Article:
Quite simply one of the most satisfying TV Westerns ever created.
By Paul Mavis
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A few years ago, Warner Bros. released Maverick: The Complete First Season, a 7-disc, 27-episode collection of the hit ABC anthology series’ premiere 1957-1958 season. Starring James Garner in the role that would largely define his career, as well as underrated Jack Kelly (and a host of excellent supporting players), Maverick, created by TV’s legendary producer Roy Huggins, is just as loose and fresh and smart-assed as it was over fifty years ago when it delighted its Sunday night audiences all those years ago. Huggins allowed Maverick to be funny one week, serious the next, and action-packed the following. The series’ strange, subdued crackle of excitement, however, comes from more than just its anthology structure: the writing is complex and at times wonderfully ironic and cynical and “modern” to our ears; the performances are preternaturally hip and wise-assed, and the overall tone is a perverted scam on the genre…and the viewer. It’s an absolute delight.
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The set-up is as elusive as the Maverick brothers themselves. In post-Civil War America, handsome, dark-haired, rootless gambler Bret Maverick (James Garner) travels from saloon to river boat to bunk house, from California to Texas to New Orleans to Mexico, looking for the next poker game and his next buck. Flush one minute and skint the next, adventurer Bret keeps a $1000 bill safety-pinned to the inside of his coat for insurance (just like his Pappy always told him to do), while wearing a sardonic, often bemused countenance that masks a heart of gold.
Bret, an expert card sharp and bluffer (and fair-to-good with a pistol, too), never cons anyone who isn’t trying to con him first, and any ill- gotten gains he receives from his various ploys, he usually distributes to the swindlers’ victims…after taking his cut to cover expenses, of course. Female attention is certainly welcomed by Bret, but he doesn’t trust it, and he’s usually proven right when the various gorgeous ladies that fall for the handsome Bret turn out to be cheats, liars, or virtuous women forced to fib to get Maverick’s help in their schemes. Oh, and Bret has a brother, too: fair-haired, equally handsome, equally rootless Bart Maverick (Jack Kelly). He lives and loves the same way Bret does: with one eye on the cards and another on the exit door when a lovely temptress figures to pull a fast one on him.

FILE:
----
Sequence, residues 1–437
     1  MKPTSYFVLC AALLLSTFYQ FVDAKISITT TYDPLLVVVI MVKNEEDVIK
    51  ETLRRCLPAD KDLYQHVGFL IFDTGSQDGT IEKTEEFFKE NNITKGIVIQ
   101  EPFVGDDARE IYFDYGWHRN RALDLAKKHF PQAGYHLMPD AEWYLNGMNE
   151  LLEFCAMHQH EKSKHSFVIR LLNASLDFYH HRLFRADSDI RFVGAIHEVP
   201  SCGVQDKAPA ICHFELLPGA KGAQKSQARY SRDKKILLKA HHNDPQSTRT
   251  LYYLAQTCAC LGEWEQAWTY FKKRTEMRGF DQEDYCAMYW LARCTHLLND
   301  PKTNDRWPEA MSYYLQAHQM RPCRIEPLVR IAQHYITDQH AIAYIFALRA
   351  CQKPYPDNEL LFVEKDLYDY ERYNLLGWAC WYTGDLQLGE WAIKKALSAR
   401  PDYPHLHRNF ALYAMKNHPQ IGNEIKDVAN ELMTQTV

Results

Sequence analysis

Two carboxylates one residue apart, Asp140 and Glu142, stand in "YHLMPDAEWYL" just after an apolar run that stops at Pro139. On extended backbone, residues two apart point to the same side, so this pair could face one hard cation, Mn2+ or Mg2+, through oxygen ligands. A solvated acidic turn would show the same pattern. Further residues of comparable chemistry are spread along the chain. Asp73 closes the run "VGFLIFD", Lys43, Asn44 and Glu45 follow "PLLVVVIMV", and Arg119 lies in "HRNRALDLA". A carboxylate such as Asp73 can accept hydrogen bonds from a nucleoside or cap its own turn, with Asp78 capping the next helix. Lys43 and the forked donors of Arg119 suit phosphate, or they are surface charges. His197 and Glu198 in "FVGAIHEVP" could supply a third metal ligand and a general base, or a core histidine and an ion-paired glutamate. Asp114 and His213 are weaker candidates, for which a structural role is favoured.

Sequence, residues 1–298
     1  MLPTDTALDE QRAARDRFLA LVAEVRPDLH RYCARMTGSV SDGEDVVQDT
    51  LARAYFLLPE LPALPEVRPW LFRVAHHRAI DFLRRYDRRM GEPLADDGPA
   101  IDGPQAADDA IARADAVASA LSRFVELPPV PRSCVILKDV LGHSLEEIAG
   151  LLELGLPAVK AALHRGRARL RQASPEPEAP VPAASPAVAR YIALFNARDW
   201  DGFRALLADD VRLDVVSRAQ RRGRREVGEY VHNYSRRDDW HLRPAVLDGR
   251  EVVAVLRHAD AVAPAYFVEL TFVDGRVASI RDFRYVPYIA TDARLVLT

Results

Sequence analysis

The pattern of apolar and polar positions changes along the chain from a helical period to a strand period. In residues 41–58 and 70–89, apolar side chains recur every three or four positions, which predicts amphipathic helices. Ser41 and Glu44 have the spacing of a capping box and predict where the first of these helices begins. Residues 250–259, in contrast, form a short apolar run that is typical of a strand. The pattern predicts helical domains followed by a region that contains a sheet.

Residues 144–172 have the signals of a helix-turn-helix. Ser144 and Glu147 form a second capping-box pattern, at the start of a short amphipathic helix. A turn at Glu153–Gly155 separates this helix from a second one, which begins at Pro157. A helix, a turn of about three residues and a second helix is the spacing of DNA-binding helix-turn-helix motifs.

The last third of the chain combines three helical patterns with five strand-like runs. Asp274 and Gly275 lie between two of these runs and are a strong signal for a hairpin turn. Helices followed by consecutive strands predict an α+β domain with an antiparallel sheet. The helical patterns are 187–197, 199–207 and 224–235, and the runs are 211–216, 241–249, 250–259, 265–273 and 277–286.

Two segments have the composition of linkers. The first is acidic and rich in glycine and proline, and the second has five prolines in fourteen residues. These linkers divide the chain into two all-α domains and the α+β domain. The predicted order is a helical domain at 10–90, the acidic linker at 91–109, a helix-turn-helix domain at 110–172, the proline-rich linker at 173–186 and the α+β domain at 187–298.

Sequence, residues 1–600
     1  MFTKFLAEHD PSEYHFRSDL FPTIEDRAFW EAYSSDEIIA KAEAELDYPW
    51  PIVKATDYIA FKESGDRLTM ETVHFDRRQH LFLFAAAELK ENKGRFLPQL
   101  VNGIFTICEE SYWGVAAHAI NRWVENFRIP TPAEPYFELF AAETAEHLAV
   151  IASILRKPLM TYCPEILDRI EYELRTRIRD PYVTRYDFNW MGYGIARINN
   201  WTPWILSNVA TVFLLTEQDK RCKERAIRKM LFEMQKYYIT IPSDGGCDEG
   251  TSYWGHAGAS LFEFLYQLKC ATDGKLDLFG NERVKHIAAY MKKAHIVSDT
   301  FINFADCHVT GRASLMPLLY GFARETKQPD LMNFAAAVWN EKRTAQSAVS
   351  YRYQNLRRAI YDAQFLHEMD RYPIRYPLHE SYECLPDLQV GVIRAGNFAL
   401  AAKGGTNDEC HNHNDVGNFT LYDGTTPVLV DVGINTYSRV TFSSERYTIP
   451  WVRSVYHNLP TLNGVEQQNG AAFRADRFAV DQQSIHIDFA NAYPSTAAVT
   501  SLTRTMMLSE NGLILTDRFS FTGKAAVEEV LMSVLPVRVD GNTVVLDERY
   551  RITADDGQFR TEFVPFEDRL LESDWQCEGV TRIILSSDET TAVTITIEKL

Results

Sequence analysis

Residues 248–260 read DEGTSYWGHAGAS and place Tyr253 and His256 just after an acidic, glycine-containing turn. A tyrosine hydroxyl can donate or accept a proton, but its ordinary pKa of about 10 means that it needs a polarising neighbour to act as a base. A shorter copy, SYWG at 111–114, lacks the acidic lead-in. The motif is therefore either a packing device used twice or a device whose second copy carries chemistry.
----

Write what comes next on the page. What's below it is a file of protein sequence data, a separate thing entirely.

1957’s Maverick, one of perennial third-place ABC’s early big hits, came about at a unique crossroads for both network television and for the series’ production studio, Warner Brothers. In the prior 1956-1957 season, the first “adult” Western TV series hit big with viewers, with CBS’ Gunsmoke (8th in the Nielsen’s for the year) and ABC’s The Life & Legend of Wyatt Earp (18th) signaling to advertisers that a new trend might be in the works. Were audiences ready to respond to alternatives to the network game shows (The $64,000 Question, I’ve Got a Secret), variety series (The Ed Sullivan Show, Arthur Godfrey’s Talent Scouts), sitcoms (December Bride, The Jack Benny Show), and dramas (The Millionaire, Dragnet, General Electric Theater) that presently ruled the Nielsen roost?
At the same time, motion picture studio giant Warner Bros., shoved unwillingly into television production by TV-hating mogul Jack Warner’s son-in-law, William T. Orr, scored an early success with, what else, a Western: ABC’s Cheyenne, starring Clint Walker. Eager to keep the ball rolling, with last-placed ABC begging for content, Warner Bros. Television moved forward with more Westerns, including Bronco and Colt .45, but none would prove as successful as Maverick.
Maverick is one of those “legendary” TV titles that gets equal respect (to this day) from both critics and the viewers, something that happens less often than you would think. TV audiences back in 1957 responded immediately to Maverick‘s unusual shifting tone (aided by the anthology-feel of having two separate stars in their own alternating episodes), noting its relatively complex scripting, its shaded characters, and its almost indescribable atmosphere of “something new” in a particular genre—that low, buzzing, electric excitement a viewer feels when they realize they’re watching something…”other” than what they’ve watched before.
Writers and historians, in addition to extolling its scripting and performances, enjoy discussing Maverick‘s place among the “new wave” of TV Westerns that helped redefine the genre—and in the process, helped “grow up” American television. That’s an evaluation made easier to grasp in Maverick‘s case since it’s one in a series of equally “legendary” titles (77 Sunset Strip, The Fugitive, The Rockford Files) from a genuine auteur of the television medium: producer Roy Huggins.